Dr. Kristan Gurton, an experimental physicist in the Battlefield Environmental Division, Computational and Information Sciences Directorate, U.S. Army Research Laboratory, conducts experiments. Photo courtesy U.S. Army Research Laboratory.
warn of chemical attacks and help save lives, it’s vital to quickly
determine if even trace levels of potentially deadly chemicals—such as
the nerve gas sarin and other odorless, colorless agents—are present.
U.S. Army researchers have developed a new chemical sensor that can
simultaneously identify a potentially limitless numbers of agents, in
real time. A paper describing the system has been published this week in
the Optical Society’s (OSA) journal, Optics Letters.
new system is based on a phenomenon known as the photoacoustic effect,
which was discovered by Alexander Graham Bell, in which the absorption
of light by materials generates characteristic acoustic waves. By using a
laser and very sensitive microphones—in a technique called laser
photoacoustic spectroscopy (LPAS)—vanishingly low concentrations of
gases, at parts per billion or even parts per trillion levels, can be
detected. The drawback of traditional LPAS systems, however, is that
they can identify only one chemical at a time.
is an excellent analytic tool, but is somewhat limited in the sense
that one traditionally only measures one absorption parameter at a
time,” says Kristan Gurton, an experimental physicist at the U.S. Army
Research Laboratory (ARL) in Adelphi, Md. “As I started looking into the
chemical/biological detection problem, it became apparent that multiple
LPAS absorption measurements—representing an ‘absorption
spectrum’—might provide the added information required in any detection
and identification scheme.”
create such a multi-wavelength LPAS system, Gurton, along with
co-authors Melvin Felton and Richard Tober of the ARL, designed a sensor
known as a photoacoustic cell. This hollow, cylindrical device holds
the gas being sampled and contains microphones that can listen for the
characteristic signal when light is applied to the sample.
this experiment, the researchers used a specialized cell that allows
different gases to flow through the device for testing. As the vapor of
five nerve agent mimics was flowed in, three laser beams, each
modulated at a different frequency in the acoustic range, were
propagated through the cell.
portion of the laser power is absorbed, usually via molecular
transitions, and this absorption results in localized heating of the
gas,” Gurton explains. Molecular transitions occur when the electrons in
a molecule are excited from one energy level to a higher energy level.
“Since gas dissipates thermal energy fairly quickly, the modulated laser
results in a rapid heat/cooling cycle that produces a faint acoustic
wave,” which is picked up by the microphone. Each laser in the system
will produce a single tone, so, for example, six laser sources have six
agents will affect the relative ‘loudness’ of each tone,” he says, “so
for one gas, some tones will be louder than others, and it is these
differences that allow for species identification.”
signals produced by each laser were separated using multiple “lock-in”
amplifiers—which can extract signals from noisy environments—each tuned
for a specific laser frequency. Then, by comparing the results to a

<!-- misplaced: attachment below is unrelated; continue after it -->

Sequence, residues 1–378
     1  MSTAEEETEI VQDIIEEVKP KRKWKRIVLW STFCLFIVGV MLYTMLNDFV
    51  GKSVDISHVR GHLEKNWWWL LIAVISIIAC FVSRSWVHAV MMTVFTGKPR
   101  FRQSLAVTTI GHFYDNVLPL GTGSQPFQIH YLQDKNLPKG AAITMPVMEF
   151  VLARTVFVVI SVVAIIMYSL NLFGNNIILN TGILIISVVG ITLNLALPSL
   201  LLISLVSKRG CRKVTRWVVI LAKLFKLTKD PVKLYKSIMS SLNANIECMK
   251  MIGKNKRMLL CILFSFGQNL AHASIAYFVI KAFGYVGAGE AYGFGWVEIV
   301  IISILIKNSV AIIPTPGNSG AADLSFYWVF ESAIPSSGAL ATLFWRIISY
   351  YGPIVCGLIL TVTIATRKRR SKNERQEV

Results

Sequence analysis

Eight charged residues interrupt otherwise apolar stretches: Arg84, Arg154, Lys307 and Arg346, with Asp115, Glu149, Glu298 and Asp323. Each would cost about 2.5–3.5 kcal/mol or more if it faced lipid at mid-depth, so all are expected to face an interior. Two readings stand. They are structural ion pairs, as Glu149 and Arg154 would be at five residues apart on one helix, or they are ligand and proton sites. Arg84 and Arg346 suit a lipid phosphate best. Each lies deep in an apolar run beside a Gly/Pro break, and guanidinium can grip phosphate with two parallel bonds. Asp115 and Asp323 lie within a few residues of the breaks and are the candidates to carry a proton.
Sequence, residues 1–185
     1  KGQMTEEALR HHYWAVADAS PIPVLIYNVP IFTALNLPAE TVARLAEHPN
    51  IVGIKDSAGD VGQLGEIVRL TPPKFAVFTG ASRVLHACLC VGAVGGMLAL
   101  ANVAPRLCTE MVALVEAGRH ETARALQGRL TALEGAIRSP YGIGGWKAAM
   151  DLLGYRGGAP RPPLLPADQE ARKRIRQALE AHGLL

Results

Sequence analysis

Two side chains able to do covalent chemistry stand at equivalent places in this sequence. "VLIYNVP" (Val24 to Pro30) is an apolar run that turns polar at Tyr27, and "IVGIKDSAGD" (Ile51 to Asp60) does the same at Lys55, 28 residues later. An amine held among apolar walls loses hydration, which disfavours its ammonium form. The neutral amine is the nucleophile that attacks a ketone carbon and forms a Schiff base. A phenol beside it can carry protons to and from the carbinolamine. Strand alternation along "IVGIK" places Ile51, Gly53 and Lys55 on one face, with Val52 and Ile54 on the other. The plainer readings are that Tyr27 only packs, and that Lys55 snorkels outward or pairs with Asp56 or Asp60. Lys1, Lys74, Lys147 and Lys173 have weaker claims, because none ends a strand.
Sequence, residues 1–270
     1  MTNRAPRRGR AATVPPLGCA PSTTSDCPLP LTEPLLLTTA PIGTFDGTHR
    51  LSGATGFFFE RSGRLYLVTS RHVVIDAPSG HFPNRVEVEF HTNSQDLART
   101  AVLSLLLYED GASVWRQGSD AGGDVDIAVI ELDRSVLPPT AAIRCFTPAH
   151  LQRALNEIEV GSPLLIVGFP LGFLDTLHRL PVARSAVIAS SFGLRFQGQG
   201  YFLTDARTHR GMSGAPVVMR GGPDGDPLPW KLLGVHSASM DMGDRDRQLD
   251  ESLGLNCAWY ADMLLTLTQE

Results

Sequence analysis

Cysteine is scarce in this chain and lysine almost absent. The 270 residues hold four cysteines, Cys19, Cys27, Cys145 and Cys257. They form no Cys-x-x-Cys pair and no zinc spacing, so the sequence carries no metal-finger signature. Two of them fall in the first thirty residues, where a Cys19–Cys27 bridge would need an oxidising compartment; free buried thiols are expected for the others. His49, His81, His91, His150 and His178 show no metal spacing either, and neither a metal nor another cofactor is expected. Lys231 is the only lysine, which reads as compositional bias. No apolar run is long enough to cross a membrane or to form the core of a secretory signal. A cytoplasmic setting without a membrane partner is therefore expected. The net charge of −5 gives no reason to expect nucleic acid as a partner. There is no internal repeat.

database of absorption information for a range of chemical species, the
system identified each of the five gases.
it is optically based, the method allows for instant identification of
agents, as long as the signal-to-noise ratio, which depends on both
laser power and the concentration of the compound being measured, is
sufficiently high, and the material in question is in the database.
a device based on the technique could be used in the field, Gurton
says, a quantum cascade (QC) laser array with at least six “well-chosen”
mid-infrared (MidIR) laser wavelengths would need to be available.
are groups of researchers producing QC laser arrays that will operate
with sufficient power, and will house as many as 10—or more—lasers at
different frequencies in the spectroscopically rich region of the
MidIR,” he says.
such laser arrays are available, the method ultimately “could be
tailored for a variety of detection scenarios ranging from the obvious
need to protect our soldiers during conflict to civilian applications
like detecting the presence of harmful chemical gases that are difficult
to detect with conventional techniques,” Gurton says. A sufficiently
rugged device for in-the-field use, he envisions, could be about the
size of a milk carton. “A photoacoustic cell is surprisingly simple and
inexpensive to produce, with all of the cost and size driven primarily
by the packaging of the quantum cascade laser array,” he adds.
A device based on selective real-time detection of gaseous nerve agent stimulants using multi-wavelength photoacoustics could look like this, in which now “multiple” lasers are used. Image courtesy U.S. Army Research Laboratory.
In theory, the method could be used to identify an unlimited number of chemical agents.
our paper we demonstrated the ability to measure as many identifying
absorption features as you want,” Gurton says. “You’re only limited by
the number of laser sources available.” However, he notes, “at some
point, as the number of species spectra increase in the database, a
degree of spectral overlap would occur, which might result in erroneous
identification. It just depends on how similar the spectra are to each
other. You could have just two that have very similar spectra and that
could cause problems, or you could have 20 to 30 species spectra that
all have distinguishable features that can be identified easily.”
Selective real-time detection of gaseous nerve agent simulants using multi-wavelength photoacoustics
Source: Optical Society of America